Iran and Nigeria in a new diplomatic era – Amb Alibak
Of Aidoghie Paulinus, Abuja
The Ambassador of the Islamic Republic of Iran to Nigeria Mohammed Alibak said Iran and Nigeria are in a new diplomatic era. Alibak, who spoke to him in Abuja, said relations between Iran and Nigeria have existed for 47 years and continue in various political, economic, cultural and scientific fields.
Among other problems, added the Iranian envoy in recent years, the volume of relations between Iran and Nigeria has increased.
What is the extent of bilateral relations between Iran and Nigeria?
As you know, Iran-Nigeria relations are on the verge of 47 years. Iran and Nigeria are two important and influential countries in their respective sub-regions, West Asia and West Africa. These relations take place in various political, economic, cultural and scientific fields, and especially in recent years the volume of these relations has increased.
The two countries have very strong capacities of mutual cooperation, and in order to improve and update the relations, consultations with the Nigerian authorities have continued and we are working to expand these relations by establishing various channels of dialogue between the authorities, both online and through physical contact, depending on the prevalence of Corona Virus.
How do you describe the existing relations between the two countries?
Politically, the two countries have good relations bilaterally and with multilateral organizations such as OPEC, D8, the Non-Aligned Movement, the Organization of the Islamic Conference and the Gas Exporting Countries Form. (GECF), and the two countries also support each other’s candidates for international seats.
Bilateral political relations are also evolving. We see Nigeria as the gateway to West Africa. After the new government took office in Iran, President Muhammadu Buhari was the first president in Africa to congratulate the election of a new president in Iran. The Minister of State for Foreign Affairs, His Excellency Zubairu Dada also took part in the investiture as Special Envoy of the President and he met our new President and Minister of Foreign Affairs.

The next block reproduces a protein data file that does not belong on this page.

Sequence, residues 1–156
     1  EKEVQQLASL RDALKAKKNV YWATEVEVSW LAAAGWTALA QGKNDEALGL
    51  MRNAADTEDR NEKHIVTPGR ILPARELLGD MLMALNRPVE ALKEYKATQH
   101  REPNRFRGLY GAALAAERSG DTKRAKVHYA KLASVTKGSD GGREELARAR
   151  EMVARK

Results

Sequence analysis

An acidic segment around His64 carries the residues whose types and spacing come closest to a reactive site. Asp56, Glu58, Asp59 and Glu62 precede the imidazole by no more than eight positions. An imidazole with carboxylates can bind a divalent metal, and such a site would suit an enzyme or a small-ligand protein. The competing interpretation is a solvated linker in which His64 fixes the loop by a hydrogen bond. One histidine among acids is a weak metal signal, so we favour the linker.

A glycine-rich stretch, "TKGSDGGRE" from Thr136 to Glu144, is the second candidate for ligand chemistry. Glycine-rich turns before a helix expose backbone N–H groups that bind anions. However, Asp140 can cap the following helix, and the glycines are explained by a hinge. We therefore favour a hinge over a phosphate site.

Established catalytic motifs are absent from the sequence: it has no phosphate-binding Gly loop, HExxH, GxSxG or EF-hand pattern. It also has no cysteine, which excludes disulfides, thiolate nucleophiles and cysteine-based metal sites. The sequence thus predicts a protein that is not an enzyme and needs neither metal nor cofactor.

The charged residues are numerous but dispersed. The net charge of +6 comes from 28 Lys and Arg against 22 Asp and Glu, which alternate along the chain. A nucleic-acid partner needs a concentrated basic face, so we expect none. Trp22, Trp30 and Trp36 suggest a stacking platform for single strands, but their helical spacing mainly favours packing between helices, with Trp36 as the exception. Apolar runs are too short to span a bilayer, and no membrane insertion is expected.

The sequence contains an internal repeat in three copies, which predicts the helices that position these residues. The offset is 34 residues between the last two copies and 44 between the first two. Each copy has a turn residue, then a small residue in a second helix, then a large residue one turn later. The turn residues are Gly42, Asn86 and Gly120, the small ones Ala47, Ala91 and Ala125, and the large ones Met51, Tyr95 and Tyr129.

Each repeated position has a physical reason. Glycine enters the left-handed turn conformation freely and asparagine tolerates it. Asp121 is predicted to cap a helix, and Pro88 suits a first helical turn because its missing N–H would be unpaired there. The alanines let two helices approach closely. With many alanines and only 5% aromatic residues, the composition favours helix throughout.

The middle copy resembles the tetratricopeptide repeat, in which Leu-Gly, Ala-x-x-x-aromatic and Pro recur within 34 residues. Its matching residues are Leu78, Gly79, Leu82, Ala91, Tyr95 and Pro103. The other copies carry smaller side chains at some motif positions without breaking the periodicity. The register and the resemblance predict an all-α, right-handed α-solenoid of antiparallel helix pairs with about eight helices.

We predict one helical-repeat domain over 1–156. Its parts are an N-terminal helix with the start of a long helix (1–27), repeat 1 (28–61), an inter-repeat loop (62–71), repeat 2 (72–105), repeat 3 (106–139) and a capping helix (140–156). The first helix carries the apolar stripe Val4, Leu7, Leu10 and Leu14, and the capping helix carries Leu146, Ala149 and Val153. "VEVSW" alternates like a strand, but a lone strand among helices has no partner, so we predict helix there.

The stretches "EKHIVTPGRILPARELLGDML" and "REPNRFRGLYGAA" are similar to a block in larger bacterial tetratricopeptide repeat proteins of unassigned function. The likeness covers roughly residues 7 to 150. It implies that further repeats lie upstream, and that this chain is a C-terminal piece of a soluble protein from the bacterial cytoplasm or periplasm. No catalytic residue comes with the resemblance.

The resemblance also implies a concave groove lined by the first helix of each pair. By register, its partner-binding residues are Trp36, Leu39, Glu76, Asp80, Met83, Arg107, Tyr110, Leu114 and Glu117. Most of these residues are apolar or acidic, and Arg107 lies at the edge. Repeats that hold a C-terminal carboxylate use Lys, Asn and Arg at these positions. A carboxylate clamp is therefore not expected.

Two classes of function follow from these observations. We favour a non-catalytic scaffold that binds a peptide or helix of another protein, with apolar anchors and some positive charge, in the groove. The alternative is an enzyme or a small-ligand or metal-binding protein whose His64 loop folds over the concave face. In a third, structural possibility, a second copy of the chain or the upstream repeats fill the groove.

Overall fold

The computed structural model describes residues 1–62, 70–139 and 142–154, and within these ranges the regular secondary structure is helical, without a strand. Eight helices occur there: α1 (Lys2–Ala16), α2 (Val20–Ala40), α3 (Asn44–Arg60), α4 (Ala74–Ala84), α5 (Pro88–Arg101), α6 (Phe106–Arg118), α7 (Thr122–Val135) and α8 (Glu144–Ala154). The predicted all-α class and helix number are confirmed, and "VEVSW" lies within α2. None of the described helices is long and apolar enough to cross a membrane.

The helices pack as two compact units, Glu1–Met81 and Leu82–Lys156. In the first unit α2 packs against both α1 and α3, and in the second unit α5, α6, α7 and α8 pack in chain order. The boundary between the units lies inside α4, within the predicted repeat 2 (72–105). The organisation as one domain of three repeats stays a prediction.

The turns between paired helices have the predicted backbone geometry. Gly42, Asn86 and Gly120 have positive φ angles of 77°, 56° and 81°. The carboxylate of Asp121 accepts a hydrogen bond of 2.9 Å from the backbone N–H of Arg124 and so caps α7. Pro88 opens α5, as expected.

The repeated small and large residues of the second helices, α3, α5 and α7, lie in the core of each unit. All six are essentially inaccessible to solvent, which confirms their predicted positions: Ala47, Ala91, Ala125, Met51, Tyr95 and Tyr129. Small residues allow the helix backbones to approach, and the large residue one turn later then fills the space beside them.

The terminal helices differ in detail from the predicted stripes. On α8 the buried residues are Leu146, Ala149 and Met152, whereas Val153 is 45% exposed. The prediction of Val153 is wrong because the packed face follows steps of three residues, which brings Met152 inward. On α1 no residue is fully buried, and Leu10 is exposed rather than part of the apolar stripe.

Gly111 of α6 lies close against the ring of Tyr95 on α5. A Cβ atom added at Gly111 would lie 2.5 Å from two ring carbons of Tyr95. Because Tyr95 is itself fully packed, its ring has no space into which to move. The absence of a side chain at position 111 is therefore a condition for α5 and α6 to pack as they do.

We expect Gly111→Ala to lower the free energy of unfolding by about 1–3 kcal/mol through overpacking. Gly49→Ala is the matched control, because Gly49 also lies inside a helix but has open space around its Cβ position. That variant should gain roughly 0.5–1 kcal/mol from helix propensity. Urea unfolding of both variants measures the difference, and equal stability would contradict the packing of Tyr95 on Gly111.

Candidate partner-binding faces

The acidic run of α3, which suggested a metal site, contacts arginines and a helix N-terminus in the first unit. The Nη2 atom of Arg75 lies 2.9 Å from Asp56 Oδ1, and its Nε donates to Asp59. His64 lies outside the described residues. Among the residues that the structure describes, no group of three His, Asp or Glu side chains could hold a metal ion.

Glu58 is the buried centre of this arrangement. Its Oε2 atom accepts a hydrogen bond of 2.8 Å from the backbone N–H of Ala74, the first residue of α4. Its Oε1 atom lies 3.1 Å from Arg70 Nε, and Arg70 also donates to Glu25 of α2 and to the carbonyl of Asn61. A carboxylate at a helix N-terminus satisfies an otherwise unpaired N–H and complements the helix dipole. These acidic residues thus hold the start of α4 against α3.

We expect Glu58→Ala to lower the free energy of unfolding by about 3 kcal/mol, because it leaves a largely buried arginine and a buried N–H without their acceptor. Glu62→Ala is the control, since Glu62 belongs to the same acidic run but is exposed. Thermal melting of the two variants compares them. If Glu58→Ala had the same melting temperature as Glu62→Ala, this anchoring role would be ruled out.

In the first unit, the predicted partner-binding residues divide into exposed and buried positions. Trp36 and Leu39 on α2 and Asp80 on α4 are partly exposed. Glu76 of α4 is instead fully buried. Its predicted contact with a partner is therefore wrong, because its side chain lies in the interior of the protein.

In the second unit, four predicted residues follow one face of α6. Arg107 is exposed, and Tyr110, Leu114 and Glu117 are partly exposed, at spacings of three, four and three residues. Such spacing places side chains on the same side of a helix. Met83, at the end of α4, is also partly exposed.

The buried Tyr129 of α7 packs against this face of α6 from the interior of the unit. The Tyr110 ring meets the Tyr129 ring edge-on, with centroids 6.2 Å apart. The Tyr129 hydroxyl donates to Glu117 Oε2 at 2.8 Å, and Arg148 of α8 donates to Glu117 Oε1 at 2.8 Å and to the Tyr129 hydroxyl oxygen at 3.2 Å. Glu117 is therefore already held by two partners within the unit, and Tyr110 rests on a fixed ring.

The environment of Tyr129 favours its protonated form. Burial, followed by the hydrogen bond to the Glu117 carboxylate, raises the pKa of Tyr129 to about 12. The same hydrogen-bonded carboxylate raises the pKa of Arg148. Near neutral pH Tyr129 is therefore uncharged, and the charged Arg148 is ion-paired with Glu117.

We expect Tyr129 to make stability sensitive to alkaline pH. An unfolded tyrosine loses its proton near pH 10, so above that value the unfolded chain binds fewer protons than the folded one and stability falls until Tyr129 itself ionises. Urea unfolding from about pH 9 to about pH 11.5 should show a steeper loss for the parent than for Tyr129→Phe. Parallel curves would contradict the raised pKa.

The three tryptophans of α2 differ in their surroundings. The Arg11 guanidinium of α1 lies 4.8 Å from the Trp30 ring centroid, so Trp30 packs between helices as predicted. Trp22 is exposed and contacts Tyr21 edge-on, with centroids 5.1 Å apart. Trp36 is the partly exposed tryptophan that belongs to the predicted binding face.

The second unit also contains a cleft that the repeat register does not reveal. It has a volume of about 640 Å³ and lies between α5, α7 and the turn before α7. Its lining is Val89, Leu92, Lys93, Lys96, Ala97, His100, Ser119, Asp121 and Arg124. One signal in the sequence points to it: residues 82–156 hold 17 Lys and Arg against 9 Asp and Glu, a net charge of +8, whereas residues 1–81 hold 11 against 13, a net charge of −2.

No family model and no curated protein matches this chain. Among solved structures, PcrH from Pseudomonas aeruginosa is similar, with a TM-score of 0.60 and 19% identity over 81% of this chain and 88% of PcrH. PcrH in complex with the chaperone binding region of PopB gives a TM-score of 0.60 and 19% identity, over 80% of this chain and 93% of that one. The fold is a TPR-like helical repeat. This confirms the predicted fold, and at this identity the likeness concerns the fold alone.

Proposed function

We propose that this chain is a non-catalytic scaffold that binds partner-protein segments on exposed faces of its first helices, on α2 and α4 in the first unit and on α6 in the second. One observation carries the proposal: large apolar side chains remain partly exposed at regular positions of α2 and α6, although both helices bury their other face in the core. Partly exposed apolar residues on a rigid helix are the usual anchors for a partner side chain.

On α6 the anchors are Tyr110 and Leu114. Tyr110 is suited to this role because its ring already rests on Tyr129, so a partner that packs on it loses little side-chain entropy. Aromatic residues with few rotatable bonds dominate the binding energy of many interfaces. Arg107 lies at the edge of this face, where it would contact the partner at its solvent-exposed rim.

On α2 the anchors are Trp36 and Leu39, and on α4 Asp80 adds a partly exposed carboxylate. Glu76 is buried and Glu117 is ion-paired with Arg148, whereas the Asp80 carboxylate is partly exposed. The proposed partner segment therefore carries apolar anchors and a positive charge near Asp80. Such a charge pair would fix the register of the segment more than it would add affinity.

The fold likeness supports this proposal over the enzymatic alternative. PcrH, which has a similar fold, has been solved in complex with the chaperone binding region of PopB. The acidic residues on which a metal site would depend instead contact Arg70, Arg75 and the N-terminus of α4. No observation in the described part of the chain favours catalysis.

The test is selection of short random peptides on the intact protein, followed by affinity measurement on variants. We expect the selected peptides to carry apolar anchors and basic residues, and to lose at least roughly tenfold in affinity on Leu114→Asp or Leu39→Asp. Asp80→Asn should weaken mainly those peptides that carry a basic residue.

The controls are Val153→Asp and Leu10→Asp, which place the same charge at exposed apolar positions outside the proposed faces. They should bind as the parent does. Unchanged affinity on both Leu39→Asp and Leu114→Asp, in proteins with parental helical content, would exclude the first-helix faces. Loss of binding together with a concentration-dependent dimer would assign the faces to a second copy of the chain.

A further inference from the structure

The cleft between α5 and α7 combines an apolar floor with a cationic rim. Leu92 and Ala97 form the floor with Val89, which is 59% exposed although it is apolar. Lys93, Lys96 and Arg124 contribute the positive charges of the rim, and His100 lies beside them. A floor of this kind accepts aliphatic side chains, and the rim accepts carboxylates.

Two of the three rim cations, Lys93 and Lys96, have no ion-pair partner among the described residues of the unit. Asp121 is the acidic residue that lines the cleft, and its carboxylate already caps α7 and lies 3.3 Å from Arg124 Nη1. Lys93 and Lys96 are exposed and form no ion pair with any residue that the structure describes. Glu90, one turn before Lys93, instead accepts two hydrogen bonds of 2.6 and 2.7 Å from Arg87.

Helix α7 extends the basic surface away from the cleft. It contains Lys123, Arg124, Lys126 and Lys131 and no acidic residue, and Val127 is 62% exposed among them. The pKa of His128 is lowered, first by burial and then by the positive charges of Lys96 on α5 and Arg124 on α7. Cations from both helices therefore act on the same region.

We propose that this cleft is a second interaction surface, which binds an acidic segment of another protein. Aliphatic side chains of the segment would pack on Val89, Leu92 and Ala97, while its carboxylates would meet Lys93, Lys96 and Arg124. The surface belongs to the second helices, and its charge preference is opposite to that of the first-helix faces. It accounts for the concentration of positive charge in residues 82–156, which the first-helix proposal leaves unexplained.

Foreign Minister HE Geoffrey Onyeama had a bilateral meeting with Iranian Foreign Minister Hossein Amir-Abdollahian. Also on the occasion of Nigeria’s national day, October 1, Iranian President Sayyid Ebrahim Raisi sent a congratulatory message to his counterpart. And the Iranian Foreign Minister did the same and sent a congratulatory message to HE Geoffrey Onyeama.
What are the similarities between Iranian and Nigerian cultures?
Iran and Nigeria have long historical and cultural similarities. The two countries have religious, ethnic and linguistic diversity. Although Muslims and the Persian language are the dominant religions and dialects in Iran, other religions also have their representatives in various centers, including the Islamic Consultative Assembly, and participate in major decisions in the country. We have good agreements between the two countries in the field of culture, and we hope that with their implementation, exchanges of cultural products, including films and serials, will take place between the two countries.
How many Iranians are in Nigeria? Where are they largely concentrated? What are they getting involved in?
Unfortunately, few Iranians are present in Nigeria and a few are involved in trade.
What is the current volume of trade between Iran and Nigeria? Is he in favor of Iran or Nigeria?
We believe Nigeria is the largest market in Africa and Iran is one of the largest markets in the Middle East and a gateway to the markets in the Central Asian region.